Neymar’s €222million switch to Paris Saint-Germain underlines the “anti-competitive, unjustified and illegal” transfer rules governed by FIFA, according to a damning statement from FIFPro.
The world players’ union spoke out in the wake of the Brazilian’s world-record move from Barcelona, with general secretary Theo van Seggelen calling for the European Commission to investigate transfer fees within the European Union.
He claims that the “competitive balance” in Europe is being eroded by a “distorted market”, with Neymar’s eye-watering fee a prime example.
“The world-record transfer of Brazilian Neymar from Barcelona to Paris Saint-Germain is the latest example of how football is ever more the domain of a select group of rich, mostly European-based clubs,” read the statement from Van Seggelen
“Given much of football’s financial activity occurs within Europe, where significant transfer fees are exchanged between clubs, FIFPro is asking the European Commission to launch of thorough investigation of the transfer rules it approved in 2001 and which are now in need of urgent review.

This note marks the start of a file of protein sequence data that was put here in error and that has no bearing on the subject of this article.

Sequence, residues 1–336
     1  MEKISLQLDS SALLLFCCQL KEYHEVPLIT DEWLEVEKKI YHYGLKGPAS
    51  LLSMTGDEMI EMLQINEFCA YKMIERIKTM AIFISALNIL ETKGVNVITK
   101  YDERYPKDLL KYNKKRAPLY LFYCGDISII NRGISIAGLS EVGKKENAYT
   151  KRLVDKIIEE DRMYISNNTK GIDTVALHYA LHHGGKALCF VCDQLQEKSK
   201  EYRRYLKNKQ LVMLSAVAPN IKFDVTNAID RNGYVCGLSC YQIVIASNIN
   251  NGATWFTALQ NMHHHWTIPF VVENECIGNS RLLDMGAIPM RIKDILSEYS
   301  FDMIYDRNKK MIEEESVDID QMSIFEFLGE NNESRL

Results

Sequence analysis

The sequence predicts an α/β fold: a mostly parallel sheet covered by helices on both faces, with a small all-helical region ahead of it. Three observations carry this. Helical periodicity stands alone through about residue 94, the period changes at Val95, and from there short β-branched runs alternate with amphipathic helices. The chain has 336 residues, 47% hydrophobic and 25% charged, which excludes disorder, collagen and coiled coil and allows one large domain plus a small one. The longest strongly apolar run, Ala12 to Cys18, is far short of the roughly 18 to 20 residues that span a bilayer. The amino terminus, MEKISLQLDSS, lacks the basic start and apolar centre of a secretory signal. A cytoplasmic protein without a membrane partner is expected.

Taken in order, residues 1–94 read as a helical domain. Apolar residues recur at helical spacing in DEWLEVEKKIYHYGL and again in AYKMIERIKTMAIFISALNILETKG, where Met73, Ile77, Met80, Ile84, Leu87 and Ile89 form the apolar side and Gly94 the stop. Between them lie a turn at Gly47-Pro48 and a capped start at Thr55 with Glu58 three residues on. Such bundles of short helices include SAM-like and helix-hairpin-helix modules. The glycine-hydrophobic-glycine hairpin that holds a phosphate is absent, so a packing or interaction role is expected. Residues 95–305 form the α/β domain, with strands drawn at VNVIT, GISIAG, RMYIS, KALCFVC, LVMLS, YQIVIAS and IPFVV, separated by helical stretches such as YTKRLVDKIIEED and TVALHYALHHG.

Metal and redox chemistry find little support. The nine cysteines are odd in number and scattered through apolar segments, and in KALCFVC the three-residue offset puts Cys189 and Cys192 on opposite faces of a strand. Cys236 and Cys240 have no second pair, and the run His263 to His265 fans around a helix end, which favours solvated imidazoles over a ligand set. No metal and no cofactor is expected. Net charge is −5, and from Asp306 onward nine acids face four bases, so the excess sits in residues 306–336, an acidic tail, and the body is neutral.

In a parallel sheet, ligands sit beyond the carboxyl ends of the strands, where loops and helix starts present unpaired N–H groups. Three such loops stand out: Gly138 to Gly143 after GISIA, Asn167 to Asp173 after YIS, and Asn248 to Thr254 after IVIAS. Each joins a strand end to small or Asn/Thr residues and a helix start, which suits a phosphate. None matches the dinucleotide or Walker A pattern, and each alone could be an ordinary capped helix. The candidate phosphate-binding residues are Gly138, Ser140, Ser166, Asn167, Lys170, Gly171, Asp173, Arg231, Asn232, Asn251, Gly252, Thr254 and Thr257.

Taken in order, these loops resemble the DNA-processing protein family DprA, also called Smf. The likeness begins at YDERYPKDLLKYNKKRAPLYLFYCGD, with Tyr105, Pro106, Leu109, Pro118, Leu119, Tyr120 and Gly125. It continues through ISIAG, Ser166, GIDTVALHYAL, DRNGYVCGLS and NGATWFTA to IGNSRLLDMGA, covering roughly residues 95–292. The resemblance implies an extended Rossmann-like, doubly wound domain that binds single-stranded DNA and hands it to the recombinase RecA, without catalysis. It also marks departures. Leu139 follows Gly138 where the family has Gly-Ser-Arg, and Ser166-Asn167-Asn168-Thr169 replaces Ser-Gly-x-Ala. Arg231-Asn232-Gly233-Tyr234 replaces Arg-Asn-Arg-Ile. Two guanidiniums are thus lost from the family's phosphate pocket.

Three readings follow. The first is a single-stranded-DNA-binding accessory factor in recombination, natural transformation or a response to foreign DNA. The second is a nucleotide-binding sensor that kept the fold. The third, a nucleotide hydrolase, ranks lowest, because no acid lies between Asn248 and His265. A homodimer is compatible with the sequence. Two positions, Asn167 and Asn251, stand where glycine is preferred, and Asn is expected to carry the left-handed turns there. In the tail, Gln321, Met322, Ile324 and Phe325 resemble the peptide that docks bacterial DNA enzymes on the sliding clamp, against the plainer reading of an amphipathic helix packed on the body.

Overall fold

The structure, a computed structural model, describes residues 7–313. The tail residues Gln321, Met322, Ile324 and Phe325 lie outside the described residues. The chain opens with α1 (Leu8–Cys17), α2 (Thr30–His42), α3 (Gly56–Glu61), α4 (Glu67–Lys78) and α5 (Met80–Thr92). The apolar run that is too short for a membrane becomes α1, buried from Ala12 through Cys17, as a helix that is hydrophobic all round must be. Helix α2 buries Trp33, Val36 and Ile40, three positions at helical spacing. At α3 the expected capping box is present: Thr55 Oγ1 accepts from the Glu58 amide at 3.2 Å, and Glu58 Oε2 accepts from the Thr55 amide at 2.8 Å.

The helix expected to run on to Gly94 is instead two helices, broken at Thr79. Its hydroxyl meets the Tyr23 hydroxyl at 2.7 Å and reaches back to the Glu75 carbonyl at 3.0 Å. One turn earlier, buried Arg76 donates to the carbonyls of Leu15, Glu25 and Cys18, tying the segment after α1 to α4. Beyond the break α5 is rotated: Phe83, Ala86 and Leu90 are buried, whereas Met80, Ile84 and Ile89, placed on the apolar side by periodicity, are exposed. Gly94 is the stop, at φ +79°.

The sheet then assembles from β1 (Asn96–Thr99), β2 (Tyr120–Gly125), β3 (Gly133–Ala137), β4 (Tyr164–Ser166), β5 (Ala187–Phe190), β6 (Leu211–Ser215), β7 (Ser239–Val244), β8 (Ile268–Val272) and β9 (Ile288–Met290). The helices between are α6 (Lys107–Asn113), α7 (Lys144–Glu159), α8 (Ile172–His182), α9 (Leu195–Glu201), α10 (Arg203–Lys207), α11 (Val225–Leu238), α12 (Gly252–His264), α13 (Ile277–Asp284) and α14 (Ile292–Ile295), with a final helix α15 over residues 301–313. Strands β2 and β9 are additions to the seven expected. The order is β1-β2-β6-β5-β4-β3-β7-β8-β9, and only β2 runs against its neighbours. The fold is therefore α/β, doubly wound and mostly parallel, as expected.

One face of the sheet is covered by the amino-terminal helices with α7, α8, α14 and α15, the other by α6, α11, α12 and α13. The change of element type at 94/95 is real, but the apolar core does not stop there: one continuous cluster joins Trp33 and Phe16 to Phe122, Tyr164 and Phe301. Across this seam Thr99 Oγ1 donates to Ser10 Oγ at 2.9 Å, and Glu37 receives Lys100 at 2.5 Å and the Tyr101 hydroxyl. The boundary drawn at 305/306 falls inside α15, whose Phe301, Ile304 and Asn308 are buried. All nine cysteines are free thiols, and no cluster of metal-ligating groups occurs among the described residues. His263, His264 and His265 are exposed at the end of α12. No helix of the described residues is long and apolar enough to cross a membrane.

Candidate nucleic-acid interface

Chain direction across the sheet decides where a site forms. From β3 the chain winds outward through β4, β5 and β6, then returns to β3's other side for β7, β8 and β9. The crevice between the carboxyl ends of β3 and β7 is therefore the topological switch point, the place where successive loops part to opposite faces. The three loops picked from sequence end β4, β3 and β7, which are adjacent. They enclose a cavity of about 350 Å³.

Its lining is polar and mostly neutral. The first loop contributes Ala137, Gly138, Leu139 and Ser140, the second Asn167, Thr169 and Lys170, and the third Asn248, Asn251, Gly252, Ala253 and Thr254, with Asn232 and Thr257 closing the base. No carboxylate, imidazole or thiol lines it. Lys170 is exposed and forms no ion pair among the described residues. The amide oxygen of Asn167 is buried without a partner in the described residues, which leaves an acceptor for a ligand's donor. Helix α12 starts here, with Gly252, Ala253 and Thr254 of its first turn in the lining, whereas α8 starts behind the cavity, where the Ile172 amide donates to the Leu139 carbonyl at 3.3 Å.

“Stimulating reform of the current transfer system rules is a priority for FIFPro in order to protect the rights of players as workers and safeguard the best interests of the game.
“Football’s enormous wealth is trapped, research shows, within a few leagues and clubs when it could be redistributed more efficiently and fairly to help protect competitive balance, which is one of the fundamental objectives of the transfer system.
“FIFPro claims an inflated and distorted market, with escalating transfer fees at the heart of it, has helped to destroy competitive balance. The transfer rules governed by FIFA are anti-competitive, unjustified and illegal.
“FIFPro’s legal complaint to the competition unit of the European Commission, lodged in late 2015, is designed to help rebalance football and bring an end to the transfer market madness, for the good of the game, all players, clubs and fans.”
FIFA was not immediately available for comment when contacted by Omnisport.
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